Bisher convicted of first degree murder
After deliberating for nearly three hours, a 12-member Barry County jury pronounced Dennis Ray Bisher guilty of first degree murder and armed criminal action in the shooting death of 65-year-old William Nance, of Shell Knob, on July 4, 2005.
Before leaving the courtroom to deliberate, Judge J. Edward Sweeney read 29 instructions to the jury that they were to use in determining their verdict and both the prosecution and defense presented their closing arguments. After four full days of testimony, jurors spent approximately three hours in the jury room deciding Bisher's fate.
The guilty verdict was welcome news for Barry County Prosecutor Johnnie Cox who had been preparing for the murder trial for close to a year.
"I'm very pleased with the verdict, and I'm happy for Mr. Nance's daughters," said Cox the day after the jury returned its verdicts of guilty. "They were present during all five days of the trial and active in the case. They came to Cassville from the Dallas area. I think the verdict was a major relief for them."
Cox and Assistant Prosecutor Pat Sullivan presented a case that was supported by over 100 exhibits of physical evidence and photographs collected at the various crime scenes and testimony from about a dozen witnesses.
Jurors were shown the gun used to murder Nance as well as the burned remains of a small sledge hammer used to beat Nance in the head before the killing shot was fired.
The gun and the hammer were found at an accident site on Highway 39 north of Jenkins where Bisher crashed the Nances' Lincoln Town Car in the early morning hours of July 4, 2005. The crash occurred as Bisher was fleeing the Nance home in Shell Knob with Nance's dead body in the trunk.
Bisher attempted to burn the car, along with items of evidence, and when this plan didn't work, he returned to the Nance home and got a pickup owned by his girlfriend, Etta Jane Harper. Bisher travelled back to the crash site, where he retrieved Nance's body, drove to southeast Missouri and dumped the victim in a remote area of Scott County near the Mississippi River.
The prosecutors showed the jury a videotaped interview conducted with Bisher following his arrest in Hollister on July 5, 2005. In that videotape, Bisher eventually admits he killed Nance and claimed he shot him following a struggle.
"In his statement, he starts off by claiming ignorance," said Cox in his closing argument. "But all the way through he's fishing. He knew how Bill Nance was killed, where he was hurt, where he was shot. He knows his one chance is this ridiculous story about a struggle.
"He mentions the gun first. He mentions the hammer. Then he takes a smoke break and comes back. He jumps on the self-defense story," continued Cox. "The physical evidence at the scene doesn't support that. The condition of the house doesn't support that."
Defense attorneys Clate Baker and David Back told jurors a different version of Nance's murder. They claimed that Bisher did not shoot Nance but did dispose of his dead body. The defense alleged that either Naomi Nance, William Nance's widow, or Harper, Bisher's girlfriend, actually shot William Nance and then attempted burned the trailer to hide evidence.
Baker keyed in on a Cafe 55 women'spajama topthat was found in the kitchen trash can and was submitted as evidence in the case.
According to Sgt. Roger Renken, crime scene investigator with the Missouri State Highway Patrol, the T-shirt had over 100 tiny drops of blood on it, which were consistent with a high velocity blood stain. A second pink pajama top found with the Cafe 55 T-shirt also had some high velocity blood specks on it also. This type of blood pattern, Renken explained, is caused by a gun shot.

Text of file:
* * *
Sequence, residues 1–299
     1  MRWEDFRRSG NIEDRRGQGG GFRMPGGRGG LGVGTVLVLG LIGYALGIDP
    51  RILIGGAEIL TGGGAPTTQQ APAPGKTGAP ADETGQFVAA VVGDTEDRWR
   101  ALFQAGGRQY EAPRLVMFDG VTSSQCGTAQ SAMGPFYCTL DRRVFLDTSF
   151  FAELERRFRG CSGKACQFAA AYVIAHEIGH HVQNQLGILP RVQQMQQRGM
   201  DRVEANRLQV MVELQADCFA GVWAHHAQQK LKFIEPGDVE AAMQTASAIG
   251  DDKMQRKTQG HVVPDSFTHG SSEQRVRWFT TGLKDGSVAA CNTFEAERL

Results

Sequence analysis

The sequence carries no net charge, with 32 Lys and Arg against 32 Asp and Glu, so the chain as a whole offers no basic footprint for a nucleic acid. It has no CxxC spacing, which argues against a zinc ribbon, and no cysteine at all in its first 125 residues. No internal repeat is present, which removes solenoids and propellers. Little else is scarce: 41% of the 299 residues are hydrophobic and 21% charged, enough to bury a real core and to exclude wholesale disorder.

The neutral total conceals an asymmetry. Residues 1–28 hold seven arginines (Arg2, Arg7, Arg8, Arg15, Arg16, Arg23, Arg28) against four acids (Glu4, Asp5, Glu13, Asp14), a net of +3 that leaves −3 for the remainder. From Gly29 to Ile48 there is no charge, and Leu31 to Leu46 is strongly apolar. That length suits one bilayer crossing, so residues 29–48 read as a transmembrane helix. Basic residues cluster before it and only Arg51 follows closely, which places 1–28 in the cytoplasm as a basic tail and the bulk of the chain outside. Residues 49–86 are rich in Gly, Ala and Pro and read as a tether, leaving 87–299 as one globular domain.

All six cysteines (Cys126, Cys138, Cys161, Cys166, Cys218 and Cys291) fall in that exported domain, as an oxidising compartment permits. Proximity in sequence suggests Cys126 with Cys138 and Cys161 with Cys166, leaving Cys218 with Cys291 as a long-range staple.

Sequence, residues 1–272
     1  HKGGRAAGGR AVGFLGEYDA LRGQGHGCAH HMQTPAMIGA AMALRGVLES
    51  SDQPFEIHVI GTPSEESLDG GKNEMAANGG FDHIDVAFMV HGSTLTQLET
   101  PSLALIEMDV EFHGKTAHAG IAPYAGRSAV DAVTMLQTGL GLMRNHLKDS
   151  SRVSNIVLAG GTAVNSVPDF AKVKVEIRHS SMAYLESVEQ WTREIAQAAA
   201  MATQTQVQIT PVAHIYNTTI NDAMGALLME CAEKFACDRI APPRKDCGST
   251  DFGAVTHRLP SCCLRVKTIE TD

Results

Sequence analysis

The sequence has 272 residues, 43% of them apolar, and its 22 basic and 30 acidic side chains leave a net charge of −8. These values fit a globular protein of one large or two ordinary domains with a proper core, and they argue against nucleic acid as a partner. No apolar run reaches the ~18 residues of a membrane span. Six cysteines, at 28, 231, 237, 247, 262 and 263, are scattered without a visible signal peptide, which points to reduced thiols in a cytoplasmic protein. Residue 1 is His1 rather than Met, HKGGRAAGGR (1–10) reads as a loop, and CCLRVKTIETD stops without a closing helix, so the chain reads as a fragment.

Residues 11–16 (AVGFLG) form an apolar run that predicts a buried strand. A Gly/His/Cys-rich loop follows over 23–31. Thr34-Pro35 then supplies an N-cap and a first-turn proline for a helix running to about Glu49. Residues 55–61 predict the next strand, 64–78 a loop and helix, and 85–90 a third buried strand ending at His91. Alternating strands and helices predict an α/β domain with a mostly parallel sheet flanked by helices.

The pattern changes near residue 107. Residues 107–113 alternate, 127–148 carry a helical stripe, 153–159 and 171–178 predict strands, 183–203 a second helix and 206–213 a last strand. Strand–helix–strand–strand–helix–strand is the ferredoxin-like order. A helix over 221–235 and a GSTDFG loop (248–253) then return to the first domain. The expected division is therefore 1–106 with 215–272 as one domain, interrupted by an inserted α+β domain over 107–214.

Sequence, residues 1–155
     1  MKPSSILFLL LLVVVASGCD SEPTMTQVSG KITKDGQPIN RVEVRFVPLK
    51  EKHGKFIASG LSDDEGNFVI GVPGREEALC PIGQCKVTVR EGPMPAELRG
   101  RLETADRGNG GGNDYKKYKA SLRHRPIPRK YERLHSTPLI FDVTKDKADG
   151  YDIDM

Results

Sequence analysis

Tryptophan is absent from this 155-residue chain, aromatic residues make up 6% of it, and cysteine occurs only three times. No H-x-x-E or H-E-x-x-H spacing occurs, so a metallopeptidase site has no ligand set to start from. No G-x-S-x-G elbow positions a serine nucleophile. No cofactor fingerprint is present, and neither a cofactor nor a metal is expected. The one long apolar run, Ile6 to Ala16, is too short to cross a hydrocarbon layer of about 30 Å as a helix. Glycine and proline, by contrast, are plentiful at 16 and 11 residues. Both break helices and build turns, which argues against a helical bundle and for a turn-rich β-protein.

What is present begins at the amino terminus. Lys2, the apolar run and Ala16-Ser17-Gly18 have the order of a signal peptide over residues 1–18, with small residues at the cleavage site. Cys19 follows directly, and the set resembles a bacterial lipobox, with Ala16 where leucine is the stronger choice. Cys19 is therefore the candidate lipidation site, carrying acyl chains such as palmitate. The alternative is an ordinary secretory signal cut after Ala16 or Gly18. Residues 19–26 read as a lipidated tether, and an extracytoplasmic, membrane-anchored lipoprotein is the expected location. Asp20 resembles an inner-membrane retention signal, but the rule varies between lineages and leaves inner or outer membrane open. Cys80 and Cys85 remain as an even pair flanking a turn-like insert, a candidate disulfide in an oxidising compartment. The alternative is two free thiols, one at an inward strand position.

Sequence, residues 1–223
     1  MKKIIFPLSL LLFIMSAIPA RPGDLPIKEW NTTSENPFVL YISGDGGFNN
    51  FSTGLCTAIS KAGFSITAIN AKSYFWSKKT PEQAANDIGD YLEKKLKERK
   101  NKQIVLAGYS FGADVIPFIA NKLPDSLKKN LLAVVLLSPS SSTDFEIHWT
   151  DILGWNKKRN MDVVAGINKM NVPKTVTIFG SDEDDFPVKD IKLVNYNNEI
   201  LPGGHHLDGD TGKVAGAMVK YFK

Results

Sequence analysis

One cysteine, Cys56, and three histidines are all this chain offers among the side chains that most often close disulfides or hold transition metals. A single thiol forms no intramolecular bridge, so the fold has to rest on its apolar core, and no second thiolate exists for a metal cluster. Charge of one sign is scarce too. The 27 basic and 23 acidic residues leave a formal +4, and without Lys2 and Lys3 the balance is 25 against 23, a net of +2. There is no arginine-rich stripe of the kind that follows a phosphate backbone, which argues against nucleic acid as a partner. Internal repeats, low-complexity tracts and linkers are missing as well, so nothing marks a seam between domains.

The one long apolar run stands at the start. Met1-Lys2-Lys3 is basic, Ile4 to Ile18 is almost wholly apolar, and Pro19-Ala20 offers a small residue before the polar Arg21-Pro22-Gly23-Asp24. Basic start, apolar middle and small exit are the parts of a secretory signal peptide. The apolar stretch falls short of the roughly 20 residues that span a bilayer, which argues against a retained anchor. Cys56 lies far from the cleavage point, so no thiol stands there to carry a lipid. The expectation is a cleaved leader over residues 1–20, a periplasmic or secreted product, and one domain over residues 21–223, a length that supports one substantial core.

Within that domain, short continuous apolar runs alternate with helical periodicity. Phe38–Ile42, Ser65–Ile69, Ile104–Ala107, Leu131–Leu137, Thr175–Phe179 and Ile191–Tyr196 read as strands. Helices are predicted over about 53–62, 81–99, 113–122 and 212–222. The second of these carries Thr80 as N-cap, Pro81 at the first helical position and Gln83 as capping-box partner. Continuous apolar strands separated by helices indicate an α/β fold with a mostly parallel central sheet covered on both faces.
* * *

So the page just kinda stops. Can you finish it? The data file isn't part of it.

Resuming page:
"The physical evidence doesn't lie," said Baker. "The clothing the two women were sleeping in, found all together, had high velocity impact splatter on them. It was the only place they found any."
Baker also questioned the women's failure to report the murder to the Barry County Sheriff's Department for over a day.
The defense also claimed that Bisher's videotaped confession was a false confession he made up to protect Harper and Naomi Nance.
"What physical evidence did they provide to show you Dennis Bisher was in Bill and Naomi's bedroom at the time he was shot?" asked Baker during closing arguments. "None. One of those two women had to be in there, wearing that shirt. If you look at all the evidence in this case and look at what Dennis said in the video, you see he was falsely confessing.
"The story he tells doesn't really match the physical evidence, because it's a lie," Baker continued. "He didn't kill him. Dennis didn't pull the trigger."
Sullivan countered the defense's claims by reminding jurors of the evidence presented in the case.
"Once Dennis Bisher got past the initial fairytale, he never wavered from the fact that he was the one who pulled the trigger and shot and killed Bill Nance," said Sullivan. "When Dennis Bisher did say 'I did this,' he was emphatic about it. This defendant repeatedly, consistently and emphatically said 'I did do this.'"
After the guilty verdicts were announced and the jury dismissed, Bisher was returned to the Barry County Jail to await sentencing. He has been an inmate at the local jail for the past 14 months.
Bisher's sentencing is scheduled to take place on Oct. 6 at 1 p.m. in Barry County Circuit Court.
Naomi Nance and Harper have been charged with second degree arson after the two women admitted they tried to burn down the Nance trailer to hide William Nance's murder. Naomi Nance and Harper claim that Bisher forced them to clean up the home following the shooting.
Hearings for both Naomi Nance and Harper are scheduled to be held at 9:30 a.m. on Sept. 21 in Barry County Circuit Court. Naomi Nance is being represented by high profile Springfield defense attorney Dee Wampler, and Harper is being represented by John Lewright, of Cassville.